1. Breeden, D. C., Young, T. E., Coates, R. M., and Juvik, J. A. 1996. Identification and bioassay of kairomones for Helicoverpa zea. J. Chem. Ecol. 22:513–539.CrossRefGoogle Scholar
  2. De Jesus, L. R. A., Calumpang, S. M. F., Medina, J. R., and Ohsawa, K. 2003. Component fatty acids from green mango fruit surface stimulate oviposition of the mango pulp weevil, Sternochetus frigidus. Philipp. Agric. Sci. 86:38–45.Google Scholar
  3. Eigenbrode, S. D. and Espelie, K. E. 1995. Effects of plant epicuticular lipids on insect herbivores. Annu. Rev. Entomol. 40:171–194.CrossRefGoogle Scholar
  4. Grant, G. G., Zhao, B., and Langevin, D. 2000. Oviposition response of spruce budworm (Lepidoptera: Tortricidae) to aliphatic carboxylic acids. Environ. Entomol. 29:164–170.CrossRefGoogle Scholar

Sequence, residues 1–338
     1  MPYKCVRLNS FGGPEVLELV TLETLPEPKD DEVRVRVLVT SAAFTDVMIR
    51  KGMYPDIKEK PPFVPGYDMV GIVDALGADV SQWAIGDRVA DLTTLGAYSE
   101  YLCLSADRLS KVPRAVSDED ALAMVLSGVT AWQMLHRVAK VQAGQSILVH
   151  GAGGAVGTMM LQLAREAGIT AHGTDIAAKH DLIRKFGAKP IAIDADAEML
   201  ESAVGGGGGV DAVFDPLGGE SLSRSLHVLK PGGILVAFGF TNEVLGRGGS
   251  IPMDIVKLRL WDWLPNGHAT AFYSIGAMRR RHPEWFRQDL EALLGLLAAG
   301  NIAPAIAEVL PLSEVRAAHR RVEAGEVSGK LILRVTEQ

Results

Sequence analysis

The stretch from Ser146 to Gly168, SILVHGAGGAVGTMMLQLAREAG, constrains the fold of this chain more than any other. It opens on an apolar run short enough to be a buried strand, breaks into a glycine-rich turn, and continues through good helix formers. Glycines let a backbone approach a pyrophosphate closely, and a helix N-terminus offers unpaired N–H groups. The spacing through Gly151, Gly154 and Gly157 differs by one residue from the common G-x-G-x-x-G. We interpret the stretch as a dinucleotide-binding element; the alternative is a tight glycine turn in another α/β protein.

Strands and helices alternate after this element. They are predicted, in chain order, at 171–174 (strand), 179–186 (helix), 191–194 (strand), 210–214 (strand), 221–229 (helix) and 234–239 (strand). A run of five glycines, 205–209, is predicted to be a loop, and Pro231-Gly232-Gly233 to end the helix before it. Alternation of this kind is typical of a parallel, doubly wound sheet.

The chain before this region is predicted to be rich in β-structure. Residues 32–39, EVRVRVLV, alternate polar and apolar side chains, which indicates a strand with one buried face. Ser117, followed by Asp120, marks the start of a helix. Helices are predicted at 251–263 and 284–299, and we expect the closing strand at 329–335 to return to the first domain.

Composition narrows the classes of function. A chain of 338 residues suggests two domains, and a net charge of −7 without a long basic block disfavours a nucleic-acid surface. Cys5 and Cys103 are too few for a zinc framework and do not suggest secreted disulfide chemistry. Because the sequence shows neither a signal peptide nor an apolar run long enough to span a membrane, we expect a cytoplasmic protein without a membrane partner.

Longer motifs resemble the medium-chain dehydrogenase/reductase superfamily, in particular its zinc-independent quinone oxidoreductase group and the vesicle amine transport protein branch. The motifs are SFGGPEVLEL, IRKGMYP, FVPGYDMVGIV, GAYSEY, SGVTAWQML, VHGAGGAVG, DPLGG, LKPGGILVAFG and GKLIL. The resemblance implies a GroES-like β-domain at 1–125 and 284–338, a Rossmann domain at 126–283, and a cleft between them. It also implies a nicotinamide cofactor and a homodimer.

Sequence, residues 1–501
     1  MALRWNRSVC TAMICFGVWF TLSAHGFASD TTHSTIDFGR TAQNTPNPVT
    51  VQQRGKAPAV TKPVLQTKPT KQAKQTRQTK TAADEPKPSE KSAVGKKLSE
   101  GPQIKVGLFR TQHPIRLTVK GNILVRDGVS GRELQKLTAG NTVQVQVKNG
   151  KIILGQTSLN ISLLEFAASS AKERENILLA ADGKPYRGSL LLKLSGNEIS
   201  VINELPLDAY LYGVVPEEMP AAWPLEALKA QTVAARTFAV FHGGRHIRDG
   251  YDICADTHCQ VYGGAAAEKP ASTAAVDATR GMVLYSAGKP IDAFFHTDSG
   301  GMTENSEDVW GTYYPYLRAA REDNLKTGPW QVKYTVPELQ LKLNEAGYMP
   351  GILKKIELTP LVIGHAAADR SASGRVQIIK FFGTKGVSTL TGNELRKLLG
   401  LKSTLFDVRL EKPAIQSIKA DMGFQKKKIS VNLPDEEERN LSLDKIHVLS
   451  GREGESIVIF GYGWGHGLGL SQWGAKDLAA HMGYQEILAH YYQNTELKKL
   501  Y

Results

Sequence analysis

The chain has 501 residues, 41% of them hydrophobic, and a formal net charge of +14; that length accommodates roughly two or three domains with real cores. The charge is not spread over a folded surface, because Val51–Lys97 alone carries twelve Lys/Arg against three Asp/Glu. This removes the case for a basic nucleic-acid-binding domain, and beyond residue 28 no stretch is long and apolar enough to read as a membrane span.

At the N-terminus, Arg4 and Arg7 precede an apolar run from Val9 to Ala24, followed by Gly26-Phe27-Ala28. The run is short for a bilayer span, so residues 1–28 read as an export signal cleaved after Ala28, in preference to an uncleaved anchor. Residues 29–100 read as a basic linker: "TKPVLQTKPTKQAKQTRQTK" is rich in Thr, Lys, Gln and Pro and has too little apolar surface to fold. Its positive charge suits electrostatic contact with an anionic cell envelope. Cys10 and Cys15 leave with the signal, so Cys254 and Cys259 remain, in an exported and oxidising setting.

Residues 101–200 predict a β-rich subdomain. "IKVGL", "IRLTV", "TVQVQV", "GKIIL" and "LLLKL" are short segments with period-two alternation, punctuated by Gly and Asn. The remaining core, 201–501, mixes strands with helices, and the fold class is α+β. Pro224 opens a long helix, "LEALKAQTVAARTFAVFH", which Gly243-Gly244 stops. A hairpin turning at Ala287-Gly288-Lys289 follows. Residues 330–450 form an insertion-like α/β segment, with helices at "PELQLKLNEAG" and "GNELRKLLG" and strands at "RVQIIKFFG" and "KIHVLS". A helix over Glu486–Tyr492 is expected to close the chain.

5. Honda, K. 1995. Chemical basis of differential oviposition by lepidopterous insects. Arch. Insect Biochem. Physiol. 30:1–23.CrossRefGoogle Scholar
  6. Kolattukudy, P. E. 1996. Biosynthetic pathways of cutin and waxes, their sensitivity to environmental stresses, pp. 83–108, in G. Kersteins (ed.), Plant Cuticles, An Integrated Functional Approach, BIOS Scientific Publishers Ltd, Oxford.Google Scholar
  7. Ishikawa, Y., Takanashi, T., Kim, C., Hoshizaki, S., Tatsuki, S., and Huang, Y. 1999. Ostrinia spp. in Japan: their host plants and sex pheromones. Entomol. Exp. Appl. 91:237–244.CrossRefGoogle Scholar
  8. Li, G. and Ishikawa, Y. 2004. Oviposition deterrents in larval frass of four Ostrinia species fed on an artificial diet. J. Chem. Ecol. 30:1445–1456.PubMedCrossRefGoogle Scholar